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Intraocular lens power calculation using standard formulas and ray tracing after DMEK in patients with Fuchs endothelial dystrophy



The study presented here aims to optimize the accuracy of intraocular lens (IOL) power calculations in patients after DMEK by evaluation of the impact of the altered anterior/posterior corneal curvature relationship.


Scheimpflug-based Oculus Pentacam imaging was performed after DMEK surgery for Fuchs endothelial dystrophy. The IOL power was calculated for all patients by ray tracing, aiming for postoperative emmetropia. We also performed the IOL calculation using four third-generation formulas (SRK-T, Hoffer-Q, Holladay-1 and Haigis). The residual refractions for the individual target IOL were compared and analyzed.


This retrospective study included 42 eyes of 33 patients (age 68.73 ± 10.11 years) after DMEK surgery. The differences between the expected residual refraction based on ray tracing and that predicted with the third-generation formulas were statistically significant (all formulas p < 0.001). The highest mean difference in the residual refraction between the target IOL measured by ray tracing and that calculated with third-generation formulas was found for the Haigis formula (0.90 ± 0.40 D), and the lowest mean difference for the SRK/T formula (0.73 ± 0.49 D).


DMEK surgery induced a relevant change in the anterior to posterior corneal curvature relationship; this needs to be taken into account in the IOL power calculation to avoid hyperopic refractive surprises.

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Fuchs endothelial dystrophy (FED) is a common disease requiring corneal transplantation. Patients with Fuchs endothelial dystrophy have been treated in the past with penetrating keratoplasty but over the last few years new surgical techniques of posterior lamellar keratoplasty have been introduced (Descemet stripping endothelial keratoplasty (DSEK), Descemet stripping automated endothelial keratoplasty (DSAEK) and Descemet membrane endothelial keratoplasty (DMEK)) [1, 2].

DMEK is the latest development in endothelial keratoplasty; with this procedure, damaged endothelial cells can be replaced using only donor Descemet’s membrane with endothelium [3]. This allows faster visual rehabilitation, improved visual acuity and improved corneal transparency [2,3,4,5,6]. Refractive change after DMEK has been described as slight [7, 8], Ham et al. showing a refractive change in spherical equivalent at 6 months post DMEK of +0.32 ± 1.01 diopter [7]. They propose that the hyperopic shift results from a reversal of a preceding myopic shift induced by stromal swelling in endothelial disease [7]. In a previous study, our group demonstrated a significant change in the refractive power of the posterior surface of the cornea while the anterior cornea remained nearly unchanged [9].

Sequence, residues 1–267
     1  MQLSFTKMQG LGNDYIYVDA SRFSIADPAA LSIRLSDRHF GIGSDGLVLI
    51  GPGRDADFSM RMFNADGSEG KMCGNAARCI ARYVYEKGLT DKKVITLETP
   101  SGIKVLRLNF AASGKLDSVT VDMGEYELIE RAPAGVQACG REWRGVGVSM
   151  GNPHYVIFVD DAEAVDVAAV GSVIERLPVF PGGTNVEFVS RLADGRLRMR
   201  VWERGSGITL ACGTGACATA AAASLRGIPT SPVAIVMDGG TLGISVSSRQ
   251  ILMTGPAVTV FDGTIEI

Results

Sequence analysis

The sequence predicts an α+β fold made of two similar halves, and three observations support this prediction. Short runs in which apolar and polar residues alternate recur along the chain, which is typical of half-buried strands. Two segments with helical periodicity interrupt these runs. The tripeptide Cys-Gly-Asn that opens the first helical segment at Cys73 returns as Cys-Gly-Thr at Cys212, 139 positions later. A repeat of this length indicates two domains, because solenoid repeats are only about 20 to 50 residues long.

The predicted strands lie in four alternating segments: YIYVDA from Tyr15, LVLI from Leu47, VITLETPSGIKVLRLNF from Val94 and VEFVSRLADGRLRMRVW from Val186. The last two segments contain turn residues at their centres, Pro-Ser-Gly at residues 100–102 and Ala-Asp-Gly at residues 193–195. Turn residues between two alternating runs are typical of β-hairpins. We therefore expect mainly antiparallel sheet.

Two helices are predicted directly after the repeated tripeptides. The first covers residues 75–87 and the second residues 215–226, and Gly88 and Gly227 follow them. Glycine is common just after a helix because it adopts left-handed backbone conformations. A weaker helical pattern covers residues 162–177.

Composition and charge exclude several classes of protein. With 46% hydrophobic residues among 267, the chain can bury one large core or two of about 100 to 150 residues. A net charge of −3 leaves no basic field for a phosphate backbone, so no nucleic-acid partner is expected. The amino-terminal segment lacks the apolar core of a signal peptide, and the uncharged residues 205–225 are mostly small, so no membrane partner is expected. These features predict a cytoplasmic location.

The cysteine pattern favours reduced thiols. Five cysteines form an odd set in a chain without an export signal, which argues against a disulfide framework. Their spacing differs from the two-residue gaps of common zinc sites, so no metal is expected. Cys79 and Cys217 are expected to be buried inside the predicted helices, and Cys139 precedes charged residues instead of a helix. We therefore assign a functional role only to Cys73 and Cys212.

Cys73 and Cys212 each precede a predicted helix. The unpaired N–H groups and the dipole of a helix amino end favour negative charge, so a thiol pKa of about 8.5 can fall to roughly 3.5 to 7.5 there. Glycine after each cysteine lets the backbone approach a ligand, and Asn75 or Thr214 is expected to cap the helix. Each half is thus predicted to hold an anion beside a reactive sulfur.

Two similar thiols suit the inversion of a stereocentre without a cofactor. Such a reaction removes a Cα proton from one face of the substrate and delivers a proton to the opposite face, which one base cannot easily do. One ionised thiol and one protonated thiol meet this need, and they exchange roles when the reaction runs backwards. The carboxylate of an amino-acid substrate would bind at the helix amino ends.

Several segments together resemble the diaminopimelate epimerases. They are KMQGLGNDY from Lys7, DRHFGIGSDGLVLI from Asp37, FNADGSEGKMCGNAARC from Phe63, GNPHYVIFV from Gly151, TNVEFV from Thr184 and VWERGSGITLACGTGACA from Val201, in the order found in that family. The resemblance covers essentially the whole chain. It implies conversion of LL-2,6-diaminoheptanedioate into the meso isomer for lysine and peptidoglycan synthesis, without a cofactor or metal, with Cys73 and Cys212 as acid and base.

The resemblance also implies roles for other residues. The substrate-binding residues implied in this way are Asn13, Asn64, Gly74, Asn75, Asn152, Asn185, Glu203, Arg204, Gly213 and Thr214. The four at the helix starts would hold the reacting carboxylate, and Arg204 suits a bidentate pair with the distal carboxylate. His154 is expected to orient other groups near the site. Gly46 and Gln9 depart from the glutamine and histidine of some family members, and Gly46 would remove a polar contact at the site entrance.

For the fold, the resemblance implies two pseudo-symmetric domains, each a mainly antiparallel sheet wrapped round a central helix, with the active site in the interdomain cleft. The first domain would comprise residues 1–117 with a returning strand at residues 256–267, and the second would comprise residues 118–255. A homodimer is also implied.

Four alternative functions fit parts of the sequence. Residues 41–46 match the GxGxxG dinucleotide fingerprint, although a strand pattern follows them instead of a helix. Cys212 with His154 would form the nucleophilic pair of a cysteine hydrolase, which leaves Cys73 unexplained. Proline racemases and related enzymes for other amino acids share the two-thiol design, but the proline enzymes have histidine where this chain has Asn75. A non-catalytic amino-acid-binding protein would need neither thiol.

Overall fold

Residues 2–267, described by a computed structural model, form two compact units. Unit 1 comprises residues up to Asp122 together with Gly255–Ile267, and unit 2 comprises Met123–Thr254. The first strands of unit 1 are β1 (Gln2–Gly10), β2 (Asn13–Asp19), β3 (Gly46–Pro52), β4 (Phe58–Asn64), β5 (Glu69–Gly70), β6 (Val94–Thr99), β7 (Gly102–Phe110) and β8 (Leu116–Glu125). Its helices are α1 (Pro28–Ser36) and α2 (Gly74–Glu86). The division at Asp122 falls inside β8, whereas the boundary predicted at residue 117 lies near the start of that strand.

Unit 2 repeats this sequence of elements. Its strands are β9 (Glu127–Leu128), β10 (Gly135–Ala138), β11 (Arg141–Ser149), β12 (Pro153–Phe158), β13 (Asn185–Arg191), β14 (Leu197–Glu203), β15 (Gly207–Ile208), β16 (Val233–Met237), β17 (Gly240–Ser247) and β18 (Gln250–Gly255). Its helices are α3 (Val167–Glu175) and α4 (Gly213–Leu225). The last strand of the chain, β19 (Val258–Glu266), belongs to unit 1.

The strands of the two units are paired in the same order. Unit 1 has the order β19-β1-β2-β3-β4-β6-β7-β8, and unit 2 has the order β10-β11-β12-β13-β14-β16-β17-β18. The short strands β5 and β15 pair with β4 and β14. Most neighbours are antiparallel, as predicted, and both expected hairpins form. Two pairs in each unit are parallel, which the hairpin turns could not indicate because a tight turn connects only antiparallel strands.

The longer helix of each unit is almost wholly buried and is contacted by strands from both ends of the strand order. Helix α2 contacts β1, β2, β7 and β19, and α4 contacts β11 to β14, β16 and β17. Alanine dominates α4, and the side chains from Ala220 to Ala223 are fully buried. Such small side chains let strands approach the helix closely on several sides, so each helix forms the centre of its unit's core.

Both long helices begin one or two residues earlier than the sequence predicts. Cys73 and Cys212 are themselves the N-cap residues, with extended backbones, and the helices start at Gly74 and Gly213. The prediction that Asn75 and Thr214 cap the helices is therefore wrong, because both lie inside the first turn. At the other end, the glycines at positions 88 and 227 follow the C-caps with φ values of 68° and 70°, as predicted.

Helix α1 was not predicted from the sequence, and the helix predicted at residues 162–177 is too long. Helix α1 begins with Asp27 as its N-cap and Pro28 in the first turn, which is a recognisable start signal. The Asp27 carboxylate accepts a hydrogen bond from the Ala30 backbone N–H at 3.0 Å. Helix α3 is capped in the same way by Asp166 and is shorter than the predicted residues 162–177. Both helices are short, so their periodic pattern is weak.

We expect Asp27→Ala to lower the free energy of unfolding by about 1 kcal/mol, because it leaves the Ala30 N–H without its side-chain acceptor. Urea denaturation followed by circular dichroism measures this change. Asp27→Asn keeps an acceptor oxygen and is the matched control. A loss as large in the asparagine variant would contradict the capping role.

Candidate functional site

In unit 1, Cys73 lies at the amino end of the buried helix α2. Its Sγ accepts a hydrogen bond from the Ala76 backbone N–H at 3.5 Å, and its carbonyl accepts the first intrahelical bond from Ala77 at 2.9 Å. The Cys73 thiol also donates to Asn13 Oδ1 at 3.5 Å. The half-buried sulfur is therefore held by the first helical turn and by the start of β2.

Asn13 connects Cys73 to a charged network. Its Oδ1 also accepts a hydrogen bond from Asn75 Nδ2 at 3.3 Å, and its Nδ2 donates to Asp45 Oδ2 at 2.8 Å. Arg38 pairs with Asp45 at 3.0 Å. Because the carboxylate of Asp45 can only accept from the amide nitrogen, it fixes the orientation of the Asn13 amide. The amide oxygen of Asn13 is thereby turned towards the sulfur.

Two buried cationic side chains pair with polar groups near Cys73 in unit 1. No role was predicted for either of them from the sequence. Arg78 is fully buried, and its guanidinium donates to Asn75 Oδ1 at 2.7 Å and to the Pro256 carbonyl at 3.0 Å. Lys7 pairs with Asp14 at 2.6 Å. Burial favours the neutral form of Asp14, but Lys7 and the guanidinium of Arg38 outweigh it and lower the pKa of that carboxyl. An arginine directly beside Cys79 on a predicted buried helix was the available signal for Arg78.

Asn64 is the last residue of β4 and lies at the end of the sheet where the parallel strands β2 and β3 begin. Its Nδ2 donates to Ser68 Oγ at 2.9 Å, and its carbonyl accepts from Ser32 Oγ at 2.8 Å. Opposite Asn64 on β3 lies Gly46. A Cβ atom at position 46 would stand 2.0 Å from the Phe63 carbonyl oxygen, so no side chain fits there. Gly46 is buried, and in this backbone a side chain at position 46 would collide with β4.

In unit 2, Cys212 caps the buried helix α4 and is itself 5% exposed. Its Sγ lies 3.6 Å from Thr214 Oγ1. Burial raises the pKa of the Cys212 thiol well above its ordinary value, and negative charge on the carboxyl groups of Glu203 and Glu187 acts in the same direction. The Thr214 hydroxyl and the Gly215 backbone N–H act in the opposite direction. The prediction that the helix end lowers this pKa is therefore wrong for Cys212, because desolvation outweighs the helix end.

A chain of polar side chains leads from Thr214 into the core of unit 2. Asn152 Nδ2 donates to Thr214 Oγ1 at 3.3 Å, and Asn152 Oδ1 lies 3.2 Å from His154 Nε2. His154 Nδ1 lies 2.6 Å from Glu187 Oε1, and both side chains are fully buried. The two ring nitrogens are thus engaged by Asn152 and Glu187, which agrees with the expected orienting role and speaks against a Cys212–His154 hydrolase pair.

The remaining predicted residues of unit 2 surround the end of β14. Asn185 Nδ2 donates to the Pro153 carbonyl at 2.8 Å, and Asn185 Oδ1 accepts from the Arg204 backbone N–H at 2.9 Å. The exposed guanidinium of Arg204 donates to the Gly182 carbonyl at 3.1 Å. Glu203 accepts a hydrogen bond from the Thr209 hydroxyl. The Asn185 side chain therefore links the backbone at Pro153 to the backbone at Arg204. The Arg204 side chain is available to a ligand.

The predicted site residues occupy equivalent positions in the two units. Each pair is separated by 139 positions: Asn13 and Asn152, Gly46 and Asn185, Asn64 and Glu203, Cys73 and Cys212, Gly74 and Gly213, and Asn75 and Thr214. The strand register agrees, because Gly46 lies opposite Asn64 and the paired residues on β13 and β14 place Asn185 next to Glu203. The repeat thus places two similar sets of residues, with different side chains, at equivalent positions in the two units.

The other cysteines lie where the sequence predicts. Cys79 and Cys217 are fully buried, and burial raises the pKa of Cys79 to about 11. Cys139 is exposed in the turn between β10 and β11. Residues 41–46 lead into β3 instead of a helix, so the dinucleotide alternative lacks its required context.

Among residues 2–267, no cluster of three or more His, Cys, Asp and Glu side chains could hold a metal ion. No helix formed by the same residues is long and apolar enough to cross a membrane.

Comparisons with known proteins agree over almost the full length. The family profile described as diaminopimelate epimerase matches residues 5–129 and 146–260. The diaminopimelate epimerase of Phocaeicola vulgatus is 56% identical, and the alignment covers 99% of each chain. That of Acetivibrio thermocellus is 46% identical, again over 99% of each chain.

DMEK can be performed in phakic eyes with a clear lens without performing lens-surgery [10, 11]. When these patients develop clinically significant cataract post DMEK, the changes on the posterior surface induced by surgery may be relevant for IOL power calculation. In FED patients, who have additional, clinically significant cataract and need simultaneous phacoemulsification, DMEK can be performed together with cataract surgery in the same session [12]. A reliable IOL power calculation is also necessary in this situation.

The aim of this study is to evaluate the impact of the changed posterior corneal surface on IOL power calculation after DMEK.


Subjects and selection criteria

This retrospective study included 42 eyes of 33 patients who had undergone DMEK for FED at the Dept. of Ophthalmology, University of Münster Medical Center. The study was approved by the local ethics committee and adhered to the tenets of the Declaration of Helsinki.

Patients were examined using rotating Scheimpflug corneal and anterior segment tomography (Pentacam HR; Oculus, Wetzlar, Germany). All patients were examined after attaining refractive stability (minimum 3 months after surgery) [7] under the same conditions; the automatic release mode of the Pentacam was used to minimize examiner-induced errors and only Pentacam images of good quality (internal quality indicator of the Pentacam) were included. A skilled examiner performed the Pentacam imaging. Eyes with a history of trauma, corneal infection or intraocular inflammation, corneal scars, contact lens wear three weeks before measurement, clinically significant graft detachment or delayed corneal clearance were excluded.

IOL power calculation